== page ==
Band of Brothers – A Soldier Honors the Legacy of His Best Friend

November 11, 2014
Staff Sgt. Erik Tofte honored his best friend by carrying a Donate Life Flag with him on tours of the Middle East and Africa.

Staff Sgt. Erik Tofte honored his best friend by carrying a Donate Life Flag with him on tours of the Middle East, Africa and Thailand.

This article was originally published in the Q1 issue of Gift of Hope’s Connections Newsletter

Cameron Chana and Staff Sgt. Erik Tofte first met in 2006 when they pledged for the Sigma Pi fraternity at Eastern Illinois University in Charleston, Ill. Chana, of Clarendon Hills, Ill., was entering his sophomore year and eager to continue his college pursuits while serving as a member of Sigma Pi. Tofte, of Roscoe, Ill., also a sophomore but three years older than Chana, had a year of community college under his belt after coming off active duty as a member of the U.S. Army’s famed 1st Cavalry Division. They were accepted into the fraternity, and for the next three years they were college roommates and worked closely together in their various roles within the Sigma Pi fraternity house. They became brothers.

Cameron Chana

Cameron Chana

“Cameron was easily the most memorable person I met during my time at Eastern,” Tofte recalled. “He was one-of-a-kind, and there aren’t enough positive words in any language to describe just how remarkable of a person he was. I have been half-way around the world with my Army travels and have met all kinds of people from all walks of life, and it’s no exaggeration to say Cameron was easily among the best of them. He was warm, kind, funny, loving, smart and helpful.”

The trait that radiated from Chana most — the part everyone fell in love with — was his genuine caring attitude, Tofte added. “It didn’t matter if you had known him for years or just met him 10 minutes ago. He wanted to get to know you better. It was why so many people considered him their best friend and why there was, and there remains, such a strong reaction among his friends and fellow students to his loss.”

It was late May 2009, three weeks after Chana had graduated from EIU. He had decided to pursue an MBA at EIU, so he stayed there after graduation with plans to start graduate school in the fall. He and about 50 others, mostly EIU students, were returning to campus on a rented double-decker bus with an open-air top after a day of boating at Lake Shelbyville, a popular central Illinois recreational area. Chana, who stood about 6-foot-3, and another man were facing backward when the bus headed under the Interstate Highway 57 overpass on Illinois Highway 16 in Mattoon, just west of the EIU campus. Chana and the other man both were killed instantly when their heads struck the overpass.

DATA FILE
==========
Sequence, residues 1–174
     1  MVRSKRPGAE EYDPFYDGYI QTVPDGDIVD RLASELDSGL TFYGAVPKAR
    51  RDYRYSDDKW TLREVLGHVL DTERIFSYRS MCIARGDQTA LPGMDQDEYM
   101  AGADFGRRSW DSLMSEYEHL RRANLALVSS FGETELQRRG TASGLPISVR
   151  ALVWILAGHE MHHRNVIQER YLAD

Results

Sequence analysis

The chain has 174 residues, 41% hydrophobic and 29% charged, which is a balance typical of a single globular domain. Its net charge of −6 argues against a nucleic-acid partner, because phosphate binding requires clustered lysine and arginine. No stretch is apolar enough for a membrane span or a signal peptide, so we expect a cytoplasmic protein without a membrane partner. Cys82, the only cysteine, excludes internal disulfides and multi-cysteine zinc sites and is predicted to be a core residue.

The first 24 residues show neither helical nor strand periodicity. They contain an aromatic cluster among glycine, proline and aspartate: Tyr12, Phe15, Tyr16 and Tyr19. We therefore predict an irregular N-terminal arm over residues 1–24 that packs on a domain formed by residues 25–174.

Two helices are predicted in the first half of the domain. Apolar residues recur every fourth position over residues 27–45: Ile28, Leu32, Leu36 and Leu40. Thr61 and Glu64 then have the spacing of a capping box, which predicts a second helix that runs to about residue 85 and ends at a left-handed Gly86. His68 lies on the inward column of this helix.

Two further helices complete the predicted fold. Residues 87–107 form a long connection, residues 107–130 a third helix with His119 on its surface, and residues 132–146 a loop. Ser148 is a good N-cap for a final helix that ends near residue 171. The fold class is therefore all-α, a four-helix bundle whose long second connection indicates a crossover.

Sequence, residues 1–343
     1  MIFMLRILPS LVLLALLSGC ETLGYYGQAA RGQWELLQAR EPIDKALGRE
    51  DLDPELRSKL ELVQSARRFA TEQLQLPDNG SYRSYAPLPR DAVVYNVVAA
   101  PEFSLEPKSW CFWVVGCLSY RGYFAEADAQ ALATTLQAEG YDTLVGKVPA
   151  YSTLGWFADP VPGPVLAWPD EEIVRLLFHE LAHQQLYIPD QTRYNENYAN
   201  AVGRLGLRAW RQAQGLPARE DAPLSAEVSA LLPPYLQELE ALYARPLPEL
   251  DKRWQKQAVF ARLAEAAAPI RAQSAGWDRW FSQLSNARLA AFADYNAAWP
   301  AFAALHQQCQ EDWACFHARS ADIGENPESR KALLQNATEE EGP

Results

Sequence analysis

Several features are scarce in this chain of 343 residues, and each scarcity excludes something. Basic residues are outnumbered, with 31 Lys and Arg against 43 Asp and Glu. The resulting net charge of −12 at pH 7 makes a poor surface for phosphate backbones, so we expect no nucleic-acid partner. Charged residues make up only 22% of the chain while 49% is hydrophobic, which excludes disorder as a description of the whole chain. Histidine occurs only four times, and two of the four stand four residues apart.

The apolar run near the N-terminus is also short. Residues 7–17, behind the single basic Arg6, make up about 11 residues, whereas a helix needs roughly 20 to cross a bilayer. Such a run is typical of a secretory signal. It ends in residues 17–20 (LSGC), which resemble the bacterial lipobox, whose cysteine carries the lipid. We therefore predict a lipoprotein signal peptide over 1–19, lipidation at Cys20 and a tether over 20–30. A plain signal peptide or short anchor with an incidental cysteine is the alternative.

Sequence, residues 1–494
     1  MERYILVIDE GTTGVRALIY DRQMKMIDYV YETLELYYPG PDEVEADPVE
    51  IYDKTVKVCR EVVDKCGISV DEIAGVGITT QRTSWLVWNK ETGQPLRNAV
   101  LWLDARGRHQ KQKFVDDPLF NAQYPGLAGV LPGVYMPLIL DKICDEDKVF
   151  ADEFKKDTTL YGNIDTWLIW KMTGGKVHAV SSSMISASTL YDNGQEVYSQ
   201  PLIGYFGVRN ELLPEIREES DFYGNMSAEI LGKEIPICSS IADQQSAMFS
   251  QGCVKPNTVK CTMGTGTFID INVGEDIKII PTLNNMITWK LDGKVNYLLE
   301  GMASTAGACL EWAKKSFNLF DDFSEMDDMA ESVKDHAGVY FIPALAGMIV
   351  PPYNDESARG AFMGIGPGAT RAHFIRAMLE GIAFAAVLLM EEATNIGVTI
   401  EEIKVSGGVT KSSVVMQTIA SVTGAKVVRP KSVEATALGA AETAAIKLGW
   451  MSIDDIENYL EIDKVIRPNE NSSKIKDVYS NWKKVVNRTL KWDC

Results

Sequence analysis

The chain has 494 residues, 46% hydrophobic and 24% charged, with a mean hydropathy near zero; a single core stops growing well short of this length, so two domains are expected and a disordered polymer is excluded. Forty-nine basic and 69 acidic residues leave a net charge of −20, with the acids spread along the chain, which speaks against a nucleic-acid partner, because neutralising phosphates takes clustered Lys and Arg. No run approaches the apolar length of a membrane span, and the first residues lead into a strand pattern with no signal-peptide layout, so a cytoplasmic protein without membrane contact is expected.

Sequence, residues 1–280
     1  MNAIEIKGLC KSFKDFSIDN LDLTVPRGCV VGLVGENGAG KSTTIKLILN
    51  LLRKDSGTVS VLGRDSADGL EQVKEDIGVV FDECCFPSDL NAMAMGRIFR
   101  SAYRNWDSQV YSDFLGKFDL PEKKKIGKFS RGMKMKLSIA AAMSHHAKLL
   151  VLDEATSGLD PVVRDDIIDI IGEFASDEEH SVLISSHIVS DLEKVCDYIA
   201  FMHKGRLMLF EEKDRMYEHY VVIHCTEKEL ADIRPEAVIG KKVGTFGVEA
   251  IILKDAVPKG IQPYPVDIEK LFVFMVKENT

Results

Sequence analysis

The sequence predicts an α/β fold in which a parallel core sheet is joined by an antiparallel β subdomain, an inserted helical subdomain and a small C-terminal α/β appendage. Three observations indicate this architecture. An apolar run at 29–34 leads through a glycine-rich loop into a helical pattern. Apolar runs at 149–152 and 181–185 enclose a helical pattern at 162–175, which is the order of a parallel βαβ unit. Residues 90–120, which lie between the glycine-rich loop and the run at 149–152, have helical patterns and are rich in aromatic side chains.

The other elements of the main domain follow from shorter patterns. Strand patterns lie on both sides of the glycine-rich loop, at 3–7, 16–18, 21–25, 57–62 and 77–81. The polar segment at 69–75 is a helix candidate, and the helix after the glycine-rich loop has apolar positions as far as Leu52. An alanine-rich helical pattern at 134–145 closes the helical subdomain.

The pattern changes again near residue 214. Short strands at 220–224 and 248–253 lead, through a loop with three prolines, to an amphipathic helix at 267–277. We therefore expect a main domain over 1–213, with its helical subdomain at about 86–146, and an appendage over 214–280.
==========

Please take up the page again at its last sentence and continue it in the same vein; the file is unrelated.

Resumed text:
Quick-thinking students gave both men CPR until first responders arrived. The students didn’t know both men were beyond saving at that point. But their actions proved to be lifesaving nonetheless.

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Erik, a Humvee and the Donate Life flag

That’s because Chana was a registered organ and tissue donor. Chana’s parents, Rob and Lori, didn’t know about their son’s decision to be a donor. That fact surfaced when they heard the devastating news that Cameron was brain-dead. Even in death, Cameron’s caring attitude emerged, Rob said. “Cameron had taken all appropriate steps to be an organ and tissue donor. He knew the decision to donate would be a difficult one for us, and he didn’t want us to have to make that decision if we were ever faced with it. That was Cameron.”

Surgeons recovered Chana’s heart, liver, lungs and two kidneys, and those gifts saved five people’s lives. And his tissue gifts have resulted in more than 50 transplants to date. Cameron’s impact on other people’s lives through his decision to be an organ and tissue donor is his legacy, Tofte said. “It was only a matter of time until he made a mark on the world. We all expected that to happen in life. In his case, he has made his mark in death.”

Tofte has dedicated himself to ensuring that Chana’s mark leaves a very large footprint. Since 2009, he has been a member of the Texas Army National Guard and has been deployed to several locations, including Africa, the Mideast and Thailand. During those deployments, Tofte took several steps to make sure the areas he visited felt his best friend’s presence and learned about the importance of organ and tissue donation.

For example, he carried a Donate Life flag with him, and, taking a “roaming gnome” approach, he had photographs taken of himself holding the Donate Life flag throughout his travels. He also created Donate Life and C.L.C. (Chana’s initials) nameplates for his uniform and wore them over his regulation insignia when possible and appropriate and took more photographs of him wearing the nameplates. And he had pro-donation T-shirts made and wore one in many other photographs. He compiled many of these photographs into a photo book.

Erik with the Donate Life flag in Djibouti.

Erik with the Donate Life flag in Djibouti.